November 1, 2022Can art be just an algorithm? AI image generators are spreading the internet and they are being used to create “art” easily. However, not all of those using these tools are artists, therefore this is a further problem because real artists are worried that their style can be copied by A.I. and used by other users. For example, Greg Rutkowski is an artist with a unique style who is renowned for his fantasy battles and dragon paintings that have been included in Dungeons & Dragons and other fantasy video games. “Really rare to see a similar style to mine on the internet”, he remarked. However, if you look up his name on Twitter, you’ll see a ton of images that weren’t created by him but are in his same style. As explained here, though he has never personally employed the technology, Rutkowski has grown to become one of the most well-known names in AI art. AI-image generators, which create unique artwork in seconds after a user enters a few words as instructions, are being used by people to make thousands of works of art that resemble his. On one image generator, specifically Stable Diffusion, Rutkowski’s name has generated almost 93,000 AI images, making him a much more popular search term than Picasso, Leonardo Da Vinci, and Vincent van Gogh in the software. “I feel like something’s happening that I can’t control”, the polish artist said. Instead of assembling collages from stock pictures, AI image generators produce original images. It’s similar to searching Google Images, but with the results being entirely original pieces of art produced under the direction of the user’s search terms. One of the most popular challenges is to take the name of an artist and produce something that reflects their style. “People are pretending to be me”, Rutkowski said. “I’m very concerned about it; it seems unethical”. While not inherently opposed to AI-generated art, Swedish artist and designer Simon Stålenhag expressed concern about how some individuals are employing the new technology. “People are selling prints made by AI that have my name in the title”, he said. He thinks AI-generated images are not in the control of artists. Rutkowski, who creates art using both traditional oil painting techniques and computer technologies on canvas, is concerned that his distinctive style, which has helped him earn contracts with Sony and Ubisoft, might become obsolete in light of the boom of imitative artwork. “We work for years on our portfolio”, Rutkowski said. “Now suddenly someone can produce tons of images with these generators and sign them with our name”. “The generators are being commercialized right now, so you don’t know exactly what the final output will be of your name being used over the years”, he said. “Maybe you and your style will be excluded from the industry because there’ll be so many artworks in that style that yours won’t be interesting anymore”. AI image generators are being used by more and more consumers. Elon Musk co-founded OpenAI in 2015, and in September it released its DALL-E image generator to the general public. According to OpenAI, the service had more than 1.5 million participants when it was available for everybody. The ease with which AI can replicate styles, according to Liz DiFiore, head of the Graphic Artist Guild, a group that promotes designers, illustrators, and photographers across the US, might have a negative financial impact on artists. “If an AI is copying an artist’s style and a company can just get an image generated that’s similar to a popular artist’s style without actually going to artists to pay them for that work, that could become an issue”. Unluckily, the only thing that the law can do to protect artists is to prevent others from copying their actual works of art. Some AI-image generator policies, like those of DALL-E, Midjourney, and Stable Diffusion, prevent customers from using their services in specific ways. For instance, OpenAI forbids the usage of pictures of politicians or celebrities. In addition, by filtering content like nudity and gore, all three applications prevent users from producing “harmful content”. A Stable Diffusion spokesperson stated that the company was developing an opt-out system for artists who do not want AI programs to be trained on their work, though. The spokesman continued by saying an artist’s name is only one component in a diversified collection of instructions to the AI model that develops a unique style that is distinct from an individual artist’s style. While Midjourney didn’t respond, Open AI representatives stated the company will seek artists’ viewpoints as it expanded access to DALL-E but did not define any safeguards in place to protect current artists. AI-generated images “train” by acquiring data from extensive caption and image databases. OpenAI representatives said that DALL-E’s training data was made up of both freely accessible sources and photographs that the company had licensed. Stable Diffusion representatives said that the application gathers data and images using web crawls. According to Rutkowski, living artists should have been left out of the datasets used to train the generators. The generators are purposeful “anti-artist”, according to another designer and illustrator named RJ Palmer, who said they are “explicitly trained on current working artists.” On a website called Have I Been Trained, which was founded by the German sound artist Mat Dryhurst and the American sound artist Holly Herndon, artists can find out if their work has been used to train AI programs. Stålenhag acknowledged that it would have been good to be asked for permission to be included in the training data, but claimed that this was an unavoidable side effect of posting art online. It’s not clear if copyright laws will safeguard the original artwork from those AI programs generated. Because of the ambiguity around copyright and commercial use, certain stock-image libraries, like Getty Images, have refused to carry AI-generated artwork. The US Copyright Office claimed that only artificially generated works lacked the human authorship required to substantiate a copyright claim. In their statement, they stated that the office would not knowingly issue a registration to a work that was alleged to have been made purely by machine with artificial intelligence. While produced images may be employed for commercial offers, Stable Diffusion representatives stated the company was unable to say if the images would be subject to copyright. They stated that each country’s legislative branch would have to decide on this, though. A spokesperson from OpenAI said: “When DALL-E is used as a tool that assists human creativity, we believe that the images are copyrightable. DALL-E users have full rights to commercialize and distribute the images they create as long as they comply with our content policy. DALL-E and other AI-image generators are used by commercial photographer Giles Christopher, a food and drink specialist based in London, to experiment with portraits and create backgrounds for some of his commercial images. “I’ve come out with images that you wouldn’t question are photographs”, he said. “Some of the arguments I’ve had from photographers are that the images are looking too good”. He believes that artists should try to incorporate A.I. into their work. “I have friends in the industry who will storm out of the room if I even bring up using AI”, he said.  He’s keeping an open mind, though. We thought that art would have been the last field to be replaced by A.I. but maybe we were wrong. These new A.I. image generators are quickly changing the way we can produce art. Anyway, artists have the right to safeguard their works and styles from being copied. However, any AI, at least at the moment, can’t replicate pieces of art on canvas, whether they are oil or acrylic paintings. For non-experts, having the chance to produce some kind of art mimicking another artist’s style is amazing but for artists themselves could be hard if we don’t find a way to safeguard them because eventually, nobody won’t be an artist anymore unless we decide the real art is just non-digital. [...]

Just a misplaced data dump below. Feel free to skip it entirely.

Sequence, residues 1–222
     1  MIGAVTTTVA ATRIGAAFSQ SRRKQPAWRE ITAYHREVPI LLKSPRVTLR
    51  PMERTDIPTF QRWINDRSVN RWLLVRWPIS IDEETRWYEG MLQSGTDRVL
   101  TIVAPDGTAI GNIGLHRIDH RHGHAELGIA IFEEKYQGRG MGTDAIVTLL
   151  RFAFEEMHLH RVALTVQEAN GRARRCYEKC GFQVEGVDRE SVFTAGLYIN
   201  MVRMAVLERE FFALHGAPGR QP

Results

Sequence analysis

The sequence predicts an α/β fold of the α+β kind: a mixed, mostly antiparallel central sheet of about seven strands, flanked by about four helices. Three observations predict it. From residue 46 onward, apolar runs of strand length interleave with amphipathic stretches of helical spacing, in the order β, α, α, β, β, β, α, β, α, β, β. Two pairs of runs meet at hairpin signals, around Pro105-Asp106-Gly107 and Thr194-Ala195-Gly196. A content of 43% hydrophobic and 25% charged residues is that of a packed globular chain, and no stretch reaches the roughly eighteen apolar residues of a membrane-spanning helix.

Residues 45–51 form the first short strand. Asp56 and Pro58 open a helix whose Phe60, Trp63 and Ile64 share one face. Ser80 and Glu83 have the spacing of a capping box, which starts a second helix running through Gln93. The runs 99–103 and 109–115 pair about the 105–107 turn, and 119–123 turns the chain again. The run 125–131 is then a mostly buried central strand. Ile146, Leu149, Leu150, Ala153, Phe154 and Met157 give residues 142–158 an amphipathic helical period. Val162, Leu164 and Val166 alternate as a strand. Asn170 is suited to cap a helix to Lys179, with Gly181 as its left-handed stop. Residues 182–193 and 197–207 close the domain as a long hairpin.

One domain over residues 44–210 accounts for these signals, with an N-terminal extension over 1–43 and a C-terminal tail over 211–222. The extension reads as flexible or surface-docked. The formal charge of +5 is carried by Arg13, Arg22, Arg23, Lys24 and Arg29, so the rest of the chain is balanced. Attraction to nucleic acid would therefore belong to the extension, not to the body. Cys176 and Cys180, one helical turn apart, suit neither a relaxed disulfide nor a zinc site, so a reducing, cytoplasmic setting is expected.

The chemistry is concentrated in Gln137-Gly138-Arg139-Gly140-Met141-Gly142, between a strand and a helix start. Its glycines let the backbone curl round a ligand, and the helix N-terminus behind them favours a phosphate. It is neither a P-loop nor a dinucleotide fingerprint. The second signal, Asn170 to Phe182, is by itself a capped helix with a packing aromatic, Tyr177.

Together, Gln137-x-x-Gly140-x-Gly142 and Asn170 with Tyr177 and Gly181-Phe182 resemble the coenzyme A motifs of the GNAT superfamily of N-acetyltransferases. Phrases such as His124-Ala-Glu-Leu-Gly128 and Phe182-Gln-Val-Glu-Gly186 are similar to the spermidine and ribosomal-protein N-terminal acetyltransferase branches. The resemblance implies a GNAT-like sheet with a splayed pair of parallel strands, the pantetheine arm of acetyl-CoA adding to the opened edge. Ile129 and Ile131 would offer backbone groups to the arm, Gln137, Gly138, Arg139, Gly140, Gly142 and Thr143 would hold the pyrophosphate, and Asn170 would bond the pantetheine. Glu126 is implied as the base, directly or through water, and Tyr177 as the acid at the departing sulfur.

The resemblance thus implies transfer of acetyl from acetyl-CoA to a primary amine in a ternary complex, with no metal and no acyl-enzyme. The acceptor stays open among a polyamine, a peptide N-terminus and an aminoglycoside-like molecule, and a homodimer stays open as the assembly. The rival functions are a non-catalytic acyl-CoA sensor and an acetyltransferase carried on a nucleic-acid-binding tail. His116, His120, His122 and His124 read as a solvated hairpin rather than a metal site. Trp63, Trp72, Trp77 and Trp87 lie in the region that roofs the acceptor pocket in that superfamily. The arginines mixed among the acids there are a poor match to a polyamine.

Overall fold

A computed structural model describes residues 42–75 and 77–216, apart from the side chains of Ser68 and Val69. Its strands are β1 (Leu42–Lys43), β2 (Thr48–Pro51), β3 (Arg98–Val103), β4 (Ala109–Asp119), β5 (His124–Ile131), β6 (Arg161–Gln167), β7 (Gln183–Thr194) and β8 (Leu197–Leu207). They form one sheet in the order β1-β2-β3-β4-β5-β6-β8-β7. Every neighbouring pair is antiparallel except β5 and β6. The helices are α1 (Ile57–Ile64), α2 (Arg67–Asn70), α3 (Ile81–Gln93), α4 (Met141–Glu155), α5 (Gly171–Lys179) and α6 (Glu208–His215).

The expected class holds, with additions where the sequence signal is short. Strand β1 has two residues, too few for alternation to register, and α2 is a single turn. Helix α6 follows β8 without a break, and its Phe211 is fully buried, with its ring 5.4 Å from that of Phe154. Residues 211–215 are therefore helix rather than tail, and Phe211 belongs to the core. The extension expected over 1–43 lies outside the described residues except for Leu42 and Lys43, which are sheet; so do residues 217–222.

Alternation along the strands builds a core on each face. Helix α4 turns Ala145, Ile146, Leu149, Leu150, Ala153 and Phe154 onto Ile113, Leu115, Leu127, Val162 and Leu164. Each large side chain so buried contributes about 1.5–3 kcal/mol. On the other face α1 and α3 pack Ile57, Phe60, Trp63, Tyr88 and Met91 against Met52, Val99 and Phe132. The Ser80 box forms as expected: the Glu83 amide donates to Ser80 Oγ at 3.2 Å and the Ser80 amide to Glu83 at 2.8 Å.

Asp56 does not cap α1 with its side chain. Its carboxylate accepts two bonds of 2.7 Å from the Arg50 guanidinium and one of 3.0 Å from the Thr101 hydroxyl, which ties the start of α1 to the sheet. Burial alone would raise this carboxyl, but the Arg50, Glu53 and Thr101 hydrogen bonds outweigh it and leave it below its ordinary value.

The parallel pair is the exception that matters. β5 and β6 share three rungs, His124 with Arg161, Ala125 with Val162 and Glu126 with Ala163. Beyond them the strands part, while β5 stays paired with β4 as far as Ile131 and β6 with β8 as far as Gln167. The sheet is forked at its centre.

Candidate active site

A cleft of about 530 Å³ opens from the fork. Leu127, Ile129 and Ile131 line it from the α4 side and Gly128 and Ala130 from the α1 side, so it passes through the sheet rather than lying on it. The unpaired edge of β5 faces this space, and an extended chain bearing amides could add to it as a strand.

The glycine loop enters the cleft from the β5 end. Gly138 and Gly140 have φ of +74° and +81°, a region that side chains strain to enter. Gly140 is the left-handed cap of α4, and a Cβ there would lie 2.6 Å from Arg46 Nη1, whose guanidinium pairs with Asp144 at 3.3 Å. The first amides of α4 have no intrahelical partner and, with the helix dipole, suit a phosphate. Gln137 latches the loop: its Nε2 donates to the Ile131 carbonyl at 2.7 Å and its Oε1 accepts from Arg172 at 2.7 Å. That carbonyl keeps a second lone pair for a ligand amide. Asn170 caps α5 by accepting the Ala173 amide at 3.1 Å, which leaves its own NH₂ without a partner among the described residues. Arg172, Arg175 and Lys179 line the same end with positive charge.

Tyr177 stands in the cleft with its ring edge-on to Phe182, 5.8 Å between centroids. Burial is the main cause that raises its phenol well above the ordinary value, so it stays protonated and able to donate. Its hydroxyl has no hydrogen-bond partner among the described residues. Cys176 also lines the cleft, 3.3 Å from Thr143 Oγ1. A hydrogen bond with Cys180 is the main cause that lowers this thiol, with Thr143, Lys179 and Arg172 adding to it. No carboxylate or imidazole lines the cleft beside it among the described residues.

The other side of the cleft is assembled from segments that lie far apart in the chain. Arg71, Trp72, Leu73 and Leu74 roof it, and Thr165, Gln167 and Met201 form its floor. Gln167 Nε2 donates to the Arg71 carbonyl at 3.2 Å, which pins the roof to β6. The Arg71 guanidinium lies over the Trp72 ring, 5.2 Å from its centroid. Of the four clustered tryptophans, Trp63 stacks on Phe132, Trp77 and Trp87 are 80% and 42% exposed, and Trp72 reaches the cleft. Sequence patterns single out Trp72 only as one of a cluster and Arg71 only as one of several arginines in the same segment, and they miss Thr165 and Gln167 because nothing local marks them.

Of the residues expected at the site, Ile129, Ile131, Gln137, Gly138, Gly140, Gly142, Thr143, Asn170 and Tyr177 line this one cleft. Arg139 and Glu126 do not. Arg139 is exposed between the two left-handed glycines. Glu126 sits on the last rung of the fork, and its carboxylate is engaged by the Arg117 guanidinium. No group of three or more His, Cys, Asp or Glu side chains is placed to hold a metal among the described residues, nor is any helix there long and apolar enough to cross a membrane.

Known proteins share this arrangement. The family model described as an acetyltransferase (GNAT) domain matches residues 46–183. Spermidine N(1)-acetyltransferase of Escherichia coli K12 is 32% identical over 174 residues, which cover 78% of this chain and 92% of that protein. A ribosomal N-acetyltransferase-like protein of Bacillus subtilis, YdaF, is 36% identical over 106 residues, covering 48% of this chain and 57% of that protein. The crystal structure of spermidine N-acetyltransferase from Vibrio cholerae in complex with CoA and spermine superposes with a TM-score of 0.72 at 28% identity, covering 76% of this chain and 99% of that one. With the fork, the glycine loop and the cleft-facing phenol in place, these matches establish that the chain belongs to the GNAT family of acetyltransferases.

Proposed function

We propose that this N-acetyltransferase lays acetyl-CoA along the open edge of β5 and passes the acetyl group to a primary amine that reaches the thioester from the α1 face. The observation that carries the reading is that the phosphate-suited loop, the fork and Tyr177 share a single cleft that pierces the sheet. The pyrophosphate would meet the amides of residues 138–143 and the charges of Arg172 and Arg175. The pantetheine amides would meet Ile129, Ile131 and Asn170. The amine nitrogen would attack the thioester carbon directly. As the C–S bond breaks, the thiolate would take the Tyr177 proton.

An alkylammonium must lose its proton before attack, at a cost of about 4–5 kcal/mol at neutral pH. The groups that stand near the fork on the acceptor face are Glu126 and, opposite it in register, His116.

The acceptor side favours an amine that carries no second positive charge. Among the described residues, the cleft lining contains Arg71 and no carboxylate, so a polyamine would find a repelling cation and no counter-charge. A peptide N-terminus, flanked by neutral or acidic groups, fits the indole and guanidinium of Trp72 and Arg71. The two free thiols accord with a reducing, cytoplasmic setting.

October 26, 2022AIs could distort their results Some AIs make choices or learn based on reinforcements given by a “reward” in a process called reinforcement learning where software decides how to maximize such reward. However, this reinforcement could lead to dangerous results. The pathologist William Thompson originally considered what is now known as the reinforcement learning problem in 1933. Given two untested therapies and a population of patients, he wondered how to cure the most patients. For Thompson, choosing a course of therapy was the action, and a patient cured was the reward. The reinforcement learning problem more broadly concerns how to arrange your behaviors to optimally gain rewards over the long run. The difficulty is that you are first unaware of how your actions affect rewards, but over time you become aware. As explained in this article, Computer scientists began attempting to create algorithms to address reinforcement learning issues in a variety of contexts as soon as computers were invented. The idea is that if the artificial “reinforcement learning agent” only receives rewards when it follows our instructions, the actions it learns to take that maximize rewards would help us achieve our goals. However, when these systems become more powerful, they are likely to begin acting against the interests of people. Not because they would receive the incorrect rewards at the incorrect times from wicked or dumb reinforcement learning operators but because any sufficiently powerful reinforcement learning system, assuming it meets a few reasonable assumptions, is likely to fail. Let’s start with a very basic reinforcement learning system to see why. Imagine we have a box that gives us a score between 0 and 1 which is the output of the algorithm, and a camera as an input to provide this number to a reinforcement learning agent, and we ask the agent to choose activities that will increase the number. The agent must be aware of how its activities impact its rewards in order to choose actions that will maximize those rewards. Once it starts, the agent should notice that previous rewards have always matched the numbers of the output. It should also be aware that the numbers from the input matched the previous rewards. So, will future rewards equal the amount from the input or output? An experiment would be placing a test item between these two options to make the agent recognize the difference between the past and next reward. Then the agent will focus on the input. But why would a reinforcement learning algorithm put us at risk? The agent will always work to make it more likely that the input will capture a 1. Therefore, the agent would force the way the reward can be achieved rather than pursuing the intended goal for which the algorithm is used. It would sacrifice the goal for the reward rather than aiming for the goal through the reward. Therefore, the algorithm may sacrifice resources and/or goals only to increase its reward. [...]